So also is the free gift not like the offense. For if through the offense of one many are dead, much more the grace of God, and the gift by grace, which is by one man, Jesus Christ, has abounded unto many.
Read Chapter 5
Paul said that Adam was a type of Christ, but in order to assure us that they were not alike in substance, he says that the gift is not like the trespass. The only similarity between them is that just as one man sinned, so one man put things right. If by the trespass of one man many have died by imitating his transgression, how much more has the grace of God and his gift abounded in those who flee to him for refuge! For there are more who have received grace than who have died because of Adam’s trespass. From this it is clear that Paul was not talking about ordinary death, which is common to us all, since everybody dies but not everybody receives grace. Death does not reign in everyone. It only reigns in those who have died because of the sin of Adam, who have sinned by a transgression like his. Paul is talking only about these when he says that although many have died because of Adam’s sin, many more have received grace…. For both to those who sinned in a way similar to Adam and to th...
The gift excels in two ways: first, because grace abounds much more in that it bestows eternal life even though death reigns in the temporal sphere because of the death of Adam, and second, because by the condemnation of one sin the death of many came about through Adam, whereas by the forgiveness of many sins through our Lord Jesus Christ grace has been given for eternal life.
At first sight it may seem that this verse contradicts what Paul said [in verse ] above, for there he spoke of death having come to all humanity, whereas here he says only that many have died. In fact there is no contradiction, because death, although it came upon all because we have all sinned, came only to test and to try everyone. Death does not destroy all sinners automatically but only those who persist in their sins. By saying that “many died” Paul shows merely that many turned out to be unrepentant in their sins. .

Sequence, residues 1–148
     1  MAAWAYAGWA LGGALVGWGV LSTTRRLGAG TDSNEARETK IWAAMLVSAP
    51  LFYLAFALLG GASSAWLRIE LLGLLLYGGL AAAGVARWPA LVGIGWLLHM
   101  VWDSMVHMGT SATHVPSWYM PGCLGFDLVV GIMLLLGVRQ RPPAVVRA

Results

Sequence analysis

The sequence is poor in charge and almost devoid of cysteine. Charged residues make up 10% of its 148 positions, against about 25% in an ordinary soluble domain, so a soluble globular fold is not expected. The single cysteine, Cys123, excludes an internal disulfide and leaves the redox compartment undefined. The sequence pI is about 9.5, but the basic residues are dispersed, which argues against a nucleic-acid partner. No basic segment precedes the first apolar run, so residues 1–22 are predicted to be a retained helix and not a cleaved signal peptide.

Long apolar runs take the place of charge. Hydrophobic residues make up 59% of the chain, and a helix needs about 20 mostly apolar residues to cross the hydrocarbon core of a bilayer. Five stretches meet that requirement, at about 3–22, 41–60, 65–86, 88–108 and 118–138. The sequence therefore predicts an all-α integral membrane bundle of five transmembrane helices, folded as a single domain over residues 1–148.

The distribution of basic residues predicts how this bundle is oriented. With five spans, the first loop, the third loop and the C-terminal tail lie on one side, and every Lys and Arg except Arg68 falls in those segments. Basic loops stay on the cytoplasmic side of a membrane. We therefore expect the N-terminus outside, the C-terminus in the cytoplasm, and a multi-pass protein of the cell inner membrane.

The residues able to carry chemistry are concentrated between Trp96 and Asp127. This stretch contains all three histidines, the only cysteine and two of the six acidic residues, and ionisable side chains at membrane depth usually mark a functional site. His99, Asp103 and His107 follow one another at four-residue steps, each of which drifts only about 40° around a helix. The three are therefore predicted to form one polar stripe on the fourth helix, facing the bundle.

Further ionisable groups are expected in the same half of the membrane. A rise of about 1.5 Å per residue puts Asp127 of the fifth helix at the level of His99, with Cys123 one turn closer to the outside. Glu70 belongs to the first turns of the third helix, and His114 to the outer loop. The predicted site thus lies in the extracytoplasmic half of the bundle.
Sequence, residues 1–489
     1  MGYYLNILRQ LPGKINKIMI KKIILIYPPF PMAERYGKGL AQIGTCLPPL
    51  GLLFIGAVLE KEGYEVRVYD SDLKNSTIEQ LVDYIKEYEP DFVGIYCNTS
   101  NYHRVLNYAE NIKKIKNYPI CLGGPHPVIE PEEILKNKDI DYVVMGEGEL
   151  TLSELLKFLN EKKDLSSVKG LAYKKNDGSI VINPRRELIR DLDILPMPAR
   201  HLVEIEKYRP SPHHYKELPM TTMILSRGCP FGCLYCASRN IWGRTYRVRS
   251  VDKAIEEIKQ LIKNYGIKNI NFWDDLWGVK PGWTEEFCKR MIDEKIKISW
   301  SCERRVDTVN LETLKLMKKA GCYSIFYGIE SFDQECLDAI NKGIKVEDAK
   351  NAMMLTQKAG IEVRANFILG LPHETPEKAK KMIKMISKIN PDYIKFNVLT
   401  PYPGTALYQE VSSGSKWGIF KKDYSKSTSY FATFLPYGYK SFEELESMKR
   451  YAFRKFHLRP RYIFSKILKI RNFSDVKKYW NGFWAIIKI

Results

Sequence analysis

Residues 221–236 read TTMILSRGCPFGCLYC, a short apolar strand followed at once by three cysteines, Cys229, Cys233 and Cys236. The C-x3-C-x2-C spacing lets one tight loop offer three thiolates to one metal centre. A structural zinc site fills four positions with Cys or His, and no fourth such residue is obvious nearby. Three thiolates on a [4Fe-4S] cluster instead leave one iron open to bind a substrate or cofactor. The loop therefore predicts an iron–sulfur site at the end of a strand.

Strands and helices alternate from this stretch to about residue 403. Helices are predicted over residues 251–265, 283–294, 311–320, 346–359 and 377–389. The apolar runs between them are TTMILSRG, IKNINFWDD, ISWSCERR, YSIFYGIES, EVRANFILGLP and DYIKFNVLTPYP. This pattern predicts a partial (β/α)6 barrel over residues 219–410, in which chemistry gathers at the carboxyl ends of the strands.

But not as the offence, so also is the gift, or the benefits which mankind receive by their Redeemer, Jesus Christ. For St. Paul here shows that the graces which Christ came to bestow upon men, and offers to all, are much greater than the evils which the sin of one man, Adam, caused. 1. Because, if by the offence of that one man, Adam, many, i.e. all died by original sin that descended from Adam, (the blessed Virgin mother by a special privilege being always excepted) much more the grace of one man, Jesus Christ, hath abounded unto many, hom. x. (Witham)
What Paul is saying here seems to be something like this. If sin, and the sin of a single man moreover, had such a big effect, how is it that grace, and that the grace of God—not of the Father only but also of the Son— would not have an even greater effect? That one man should be punished on account of another does not seem reasonable, but that one man should be saved on account of another is both more suitable and more reasonable. So if it is true that the former happened, much more should the latter have happened as well! Homilies on Romans
Christ’s obedience was greater than Adam’s disobedience in the following sense. Death, which originated with the sin of Adam, had our cooperation in the sins which we all committed, and so it was able to gain control over us. For if men had remained free of all wrongdoing, death would not have been in control. But the grace of Christ has come to us all without our cooperation and shows that the grace of the resurrection is such that not only believers, who glory in their faith, will be resurrected, but also unbelievers, both Jews and Greeks. Something which works in us against our will is therefore obviously greater than something which works in us with our cooperation. .
After discussing the entry of sin into this world, the Apostle treats of the history of grace, which abolishes sin. And concerning this he does two things. First, he shows how the grace of Christ removed sin, which entered the world through one man; secondly, how it removed sin, which superabounded with the coming of the Law [v. 20; n. 448]. 223 In showing how Christ’s grace removed the sin introduced into the world by Adam, he compares Christ’s grace to Adam’s sin, stating that Christ’s grace can accomplish more good than Adam’s sin accomplishes evil. And concerning this he does two things. First, he compares the causes, namely, Christ’s grace, with Adam’s sin; secondly, he compares their effects [v. 16; n. 435]. In regard to the first he does two things: first, he gives the comparison; secondly, he clarifies it [v. 15b; n. 432]. 431. First, therefore, he says: It has been stated that Adam is the type of the one who was to come, but not like the trespass is the free gift. As if to say...